Surface wind remote sensing

Surface wind measurement by remote sensors is accomplished using satellite microwave scatterometers and land-based lidar, radar, and sodar. Satellite scatterometers provide wind speed and direction over the oceans, under clear or cloudy skies, and both day and night. Scatterometers send microwave pulses to the Earth's surface and measure the backscattered power related to surface roughness. Roughness over land is due to terrain and vegetation differences, but over the oceans the backscatter is due largely to small waves assumed to be in equilibrium with the local wind stress. Backscatter over water increases with wind speed, and the magnitude is influenced further by the wind direction relative to the direction of the radar beam. This gives the scatterometer the capability of measuring both wind speed and direction over the ocean (Liu, 2003).

Scatterometers have been launched on ESA and NASA polar-orbiting satellites since 1978. These instruments provide data on local and regional winds and moisture advection, and they provide a nearly synoptic-scale view of global surface winds.

Lidar, radar, and sodar are employed to remotely measure wind speed for research and experimental purposes more commonly than for routine wind observations. Each of these active remote sensors is based on measuring the Doppler shift of the light, radio waves, or sound waves emitted by the instrument.

Lidar transmits radiation in the UV, visible, and IR wavelengths, and modern lidar systems use a pulsed laser to generate the radiation (Angevine et al., 2003). The transmitted energy interacts with air molecules which have thermal motion or motion due to wind. The energy is changed by its encounter with air molecules, and some energy is reflected or scattered back to the instrument. A Doppler lidar measures the shift in wavelength frequency of the backscattered energy and this information is converted into remotely measured wind velocity (Argall and Sica, 2003).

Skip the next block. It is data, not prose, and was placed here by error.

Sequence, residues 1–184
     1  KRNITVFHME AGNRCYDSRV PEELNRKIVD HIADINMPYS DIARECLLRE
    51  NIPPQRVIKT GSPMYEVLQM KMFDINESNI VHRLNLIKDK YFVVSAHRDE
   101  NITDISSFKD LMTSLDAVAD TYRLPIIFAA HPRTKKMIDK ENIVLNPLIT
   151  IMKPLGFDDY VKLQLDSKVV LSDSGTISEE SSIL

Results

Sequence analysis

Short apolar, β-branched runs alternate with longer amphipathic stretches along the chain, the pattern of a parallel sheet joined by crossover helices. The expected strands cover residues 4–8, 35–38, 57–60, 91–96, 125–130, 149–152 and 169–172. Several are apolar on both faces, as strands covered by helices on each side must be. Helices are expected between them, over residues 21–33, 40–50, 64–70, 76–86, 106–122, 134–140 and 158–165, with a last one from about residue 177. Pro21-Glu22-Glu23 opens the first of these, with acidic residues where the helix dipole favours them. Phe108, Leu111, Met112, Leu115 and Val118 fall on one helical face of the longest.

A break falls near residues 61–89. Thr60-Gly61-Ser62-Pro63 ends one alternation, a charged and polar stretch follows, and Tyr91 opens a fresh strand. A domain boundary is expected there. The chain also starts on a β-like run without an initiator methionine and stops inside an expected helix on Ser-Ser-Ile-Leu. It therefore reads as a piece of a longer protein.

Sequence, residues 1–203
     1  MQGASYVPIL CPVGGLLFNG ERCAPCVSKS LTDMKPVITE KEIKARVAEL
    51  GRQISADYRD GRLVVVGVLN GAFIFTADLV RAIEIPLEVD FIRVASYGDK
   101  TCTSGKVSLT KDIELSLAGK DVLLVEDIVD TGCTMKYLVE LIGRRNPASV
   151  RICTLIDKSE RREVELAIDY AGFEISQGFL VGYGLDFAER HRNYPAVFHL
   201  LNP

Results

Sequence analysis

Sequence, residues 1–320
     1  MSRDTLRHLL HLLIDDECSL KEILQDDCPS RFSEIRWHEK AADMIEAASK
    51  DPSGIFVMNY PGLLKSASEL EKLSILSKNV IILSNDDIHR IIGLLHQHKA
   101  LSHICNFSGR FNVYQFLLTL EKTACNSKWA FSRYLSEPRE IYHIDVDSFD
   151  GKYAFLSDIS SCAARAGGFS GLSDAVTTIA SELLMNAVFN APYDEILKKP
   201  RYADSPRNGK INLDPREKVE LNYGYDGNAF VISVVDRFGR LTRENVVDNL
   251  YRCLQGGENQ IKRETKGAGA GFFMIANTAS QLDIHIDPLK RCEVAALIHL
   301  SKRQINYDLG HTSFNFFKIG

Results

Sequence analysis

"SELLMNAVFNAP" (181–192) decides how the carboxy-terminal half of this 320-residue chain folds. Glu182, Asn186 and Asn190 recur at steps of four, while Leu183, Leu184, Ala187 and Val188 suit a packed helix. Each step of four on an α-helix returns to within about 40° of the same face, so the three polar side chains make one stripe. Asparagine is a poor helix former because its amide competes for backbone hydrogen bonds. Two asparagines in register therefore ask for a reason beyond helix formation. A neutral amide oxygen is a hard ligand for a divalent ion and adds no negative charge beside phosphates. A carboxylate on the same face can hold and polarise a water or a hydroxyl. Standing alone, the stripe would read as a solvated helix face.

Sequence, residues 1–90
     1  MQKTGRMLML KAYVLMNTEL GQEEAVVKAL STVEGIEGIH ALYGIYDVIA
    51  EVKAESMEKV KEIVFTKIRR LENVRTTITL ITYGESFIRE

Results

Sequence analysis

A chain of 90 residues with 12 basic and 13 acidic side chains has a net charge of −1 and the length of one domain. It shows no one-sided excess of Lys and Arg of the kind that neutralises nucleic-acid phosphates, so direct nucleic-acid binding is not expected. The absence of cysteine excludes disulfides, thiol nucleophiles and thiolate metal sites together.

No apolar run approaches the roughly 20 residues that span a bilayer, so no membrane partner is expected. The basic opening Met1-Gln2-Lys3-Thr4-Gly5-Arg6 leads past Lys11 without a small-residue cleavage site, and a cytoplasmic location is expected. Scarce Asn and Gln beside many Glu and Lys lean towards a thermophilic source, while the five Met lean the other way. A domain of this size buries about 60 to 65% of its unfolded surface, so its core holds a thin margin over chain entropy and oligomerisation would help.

Radar measurement of wind speed usually requires the presence of an atmospheric target to produce an echo, but modern systems have sufficient sensitivity to sense clear-air returns (Angevine et al., 2003). Doppler radars provide radial velocity or wind speed toward or away from the radar when monitoring precipitation events. Doppler radar radial wind data are used in numerous analytical formulations to produce three-dimensional wind fields at various scales and serving a variety of applications (e.g. Caillault and Lemaitre, 1999; Nissen et al., 2001; Liou, 2002). Specialized wind profiling radars are employed in research and experimental work studying winds within the atmospheric boundary layer (Angevine et al., 2003).

Sodar operates on the principle of acoustic backscattering. It transmits a short pulse of sound which is refracted by the small-scale atmospheric turbulence structure of temperature and velocity in the boundary layer (Angevine et al., 2003). The radial velocity of air is determined by measuring the intensity and the Doppler shift of the sound refracted from the turbulence. Sodar has a maximum range of several hundred meters. It primarily provides measurement of mean wind speed and direction because it samples atmospheric volume, and it samples at multiple points in space and time (Crescenti, 1997). However, expanded applications of sodar are being tested. Contini et al. (2004) propose a method for using a sodar system to measure mean vertical wind velocities averaged over three hours. Sodar systems are employed with other meteorological instruments studying local winds at an expanding number of monitoring sites around the world (e.g. Peters et al., 1998; Sturman et al., 2003; Perez et al., 2004).

Renewable Energy Eco Friendly

Renewable Energy Eco Friendly

Renewable energy is energy that is generated from sunlight, rain, tides, geothermal heat and wind. These sources are naturally and constantly replenished, which is why they are deemed as renewable.

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